Hybrid fund finance transactions – offshore legal considerations
Hybrid fund finance facilities are emerging in the Asia Pacific market as an increasingly popular product with significant commercial upside for both lenders and fund borrowers alike. In this note we consider some of the offshore legal considerations for lenders and borrowers which can arise in these complex and bespoke financing transactions.
Hybrid deals are so named because they combine elements of:
- a subscription line or capital call financing where the loan is secured by the uncalled capital commitments of investors in the fund; and
- a net asset value (“NAV”) facility where the loan is secured by recourse to the assets of the fund (which can include income and distributions from investments and shares in holding companies).
Offering hybrid facilities provides lenders the opportunity to:
- establish and maintain a relationship with a sponsor client which will exist throughout the relevant fund’s lifecycle of fundraising, investing, portfolio management and exit (as liquidity will continue to be available after the capital commitments of investors have been drawn); and
- potentially achieve attractive pricing as compared with standalone subscription or NAV facilities, in view of the fact that fewer institutional lenders have the capability to readily offer hybrid facilities as a mainstream product.
From a sponsor’s perspective, a hybrid facility:
- offers liquidity throughout the fund lifecycle; and
- can mitigate efficiency concerns around putting in place and managing separate subscription line and NAV facilities.
The credit analysis for a hybrid facility will be more complex, requiring analysis of the creditworthiness of investors in the fund (relevant to the credit support from undrawn capital commitments) as well the underlying assets (relevant to the credit support from the fund’s investments).
Hybrid facilities also involve additional legal due diligence and structuring considerations requiring lenders and their counsel to fully understand the fund’s structure, investment strategy, business, cash flows, and recourse. Careful structuring in all respects that takes asset eligibility criteria, lender voting rights and security enforcement into account is essential.
Where (as is often the case in APAC) the fund and / or its portfolio investments are established offshore (e.g. a Cayman fund with parallel vehicles, feeder funds and portfolio holding companies or SPVs incorporated in the British Virgin Islands or the Cayman Islands) we set out some high level due diligence considerations below.
Offshore legal considerations
As the APAC fund finance market develops, permissive borrowing and security provisions are becoming more common in fund documents.
The fund documents will need to be carefully reviewed to ensure that they contain provisions specifically permitting the fund to incur and secure not only subscription line finance debt, but also to create security over fund assets and (if relevant) grant guarantees.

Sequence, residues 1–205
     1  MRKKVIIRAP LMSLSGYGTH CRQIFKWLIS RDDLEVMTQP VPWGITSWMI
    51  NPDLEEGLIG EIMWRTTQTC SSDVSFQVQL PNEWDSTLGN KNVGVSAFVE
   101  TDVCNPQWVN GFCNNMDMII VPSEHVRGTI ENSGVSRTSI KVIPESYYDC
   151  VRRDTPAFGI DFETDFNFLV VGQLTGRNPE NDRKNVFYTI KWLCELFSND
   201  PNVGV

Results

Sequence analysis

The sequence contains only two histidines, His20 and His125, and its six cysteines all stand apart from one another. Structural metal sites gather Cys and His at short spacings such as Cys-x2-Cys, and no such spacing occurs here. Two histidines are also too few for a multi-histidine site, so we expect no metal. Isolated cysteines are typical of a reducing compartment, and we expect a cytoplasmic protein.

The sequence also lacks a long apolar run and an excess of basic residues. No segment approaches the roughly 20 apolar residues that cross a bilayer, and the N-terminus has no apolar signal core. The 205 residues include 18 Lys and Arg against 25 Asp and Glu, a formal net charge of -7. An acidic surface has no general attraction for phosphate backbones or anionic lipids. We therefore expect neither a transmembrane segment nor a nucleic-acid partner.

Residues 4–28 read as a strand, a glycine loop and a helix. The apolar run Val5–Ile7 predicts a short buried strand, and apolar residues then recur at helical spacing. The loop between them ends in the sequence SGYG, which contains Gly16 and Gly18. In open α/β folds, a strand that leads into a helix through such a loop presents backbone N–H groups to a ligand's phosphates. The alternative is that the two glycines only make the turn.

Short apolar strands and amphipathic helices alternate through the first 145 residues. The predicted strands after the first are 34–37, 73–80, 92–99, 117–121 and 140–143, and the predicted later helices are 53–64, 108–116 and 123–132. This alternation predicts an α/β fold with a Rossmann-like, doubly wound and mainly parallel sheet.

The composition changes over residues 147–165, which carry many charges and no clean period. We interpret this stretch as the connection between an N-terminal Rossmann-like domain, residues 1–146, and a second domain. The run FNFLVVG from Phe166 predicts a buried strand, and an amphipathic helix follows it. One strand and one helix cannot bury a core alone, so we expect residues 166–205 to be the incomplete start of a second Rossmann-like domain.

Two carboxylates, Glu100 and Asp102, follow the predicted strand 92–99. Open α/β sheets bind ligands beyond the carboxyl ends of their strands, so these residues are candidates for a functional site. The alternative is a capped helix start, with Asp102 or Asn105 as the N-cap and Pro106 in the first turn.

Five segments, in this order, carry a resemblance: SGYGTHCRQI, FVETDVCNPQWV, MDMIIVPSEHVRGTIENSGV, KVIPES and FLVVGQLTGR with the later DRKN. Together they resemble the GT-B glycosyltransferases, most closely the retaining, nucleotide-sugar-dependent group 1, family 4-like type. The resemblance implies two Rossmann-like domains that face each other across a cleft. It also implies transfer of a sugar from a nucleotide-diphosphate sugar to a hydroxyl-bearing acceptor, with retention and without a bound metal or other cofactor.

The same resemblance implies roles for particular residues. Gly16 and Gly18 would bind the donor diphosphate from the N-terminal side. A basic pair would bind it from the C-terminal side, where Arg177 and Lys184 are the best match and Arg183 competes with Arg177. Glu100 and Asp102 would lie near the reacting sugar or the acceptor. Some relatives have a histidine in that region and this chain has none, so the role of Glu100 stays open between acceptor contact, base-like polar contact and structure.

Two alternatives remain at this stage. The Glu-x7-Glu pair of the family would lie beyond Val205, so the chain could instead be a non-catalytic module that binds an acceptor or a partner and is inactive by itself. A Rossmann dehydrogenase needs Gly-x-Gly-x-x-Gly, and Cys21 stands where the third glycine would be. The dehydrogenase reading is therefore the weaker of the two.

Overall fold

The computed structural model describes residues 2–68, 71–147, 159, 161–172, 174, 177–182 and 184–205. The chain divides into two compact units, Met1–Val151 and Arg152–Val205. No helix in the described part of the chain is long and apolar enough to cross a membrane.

There can be highly technical enforcement issues where the security consists of a mixture of capital call, share security and rights to distributions and where certain assets or entities fall outside the security package.
These are issues which it is essential for counsel to quickly identify and advise upon at an early stage as they relate to the individual deal.
Specialised diligence of the organisational documents of all obligors should always be undertaken to verify the good standing, capacity and authority of the relevant parties to the deal.
If a hybrid deal is to be secured by shares in a portfolio holding company, the terms of any financing arrangements entered into by the portfolio companies should be checked to ensure that no change of control provisions are triggered.
Another trap for the unwary which sometimes arises in hybrid deals specifically involving share security is the issue of third party shareholder consents in circumstances where portfolio holding companies to be secured are not wholly owned by the fund borrower. The terms of any shareholders agreements should be carefully examined to check for:
- any restrictions on ‘transfer’ of shares in the company (the concept of ‘transfer’ is usually widely defined to include both a grant of security over shares or an outright transfer, both of which are relevant considerations for a lender at the transaction and enforcement stage);
- any relevant tag-along, drag along or right of first refusal provisions in favour of the other shareholders which could affect a lender’s enforcement strategy; and
- leakage to third parties generally.
Hybrid facilities are a developing product in APAC with exciting prospects for lenders and borrowers. Due to the complexity of hybrid deals, careful structuring, credit analysis and legal advice is required.
Carey Olsen regularly acts as offshore counsel on highly complex fund finance matters and we have significant expertise in this area.
For assistance, please reach out to your usual Carey Olsen contact.
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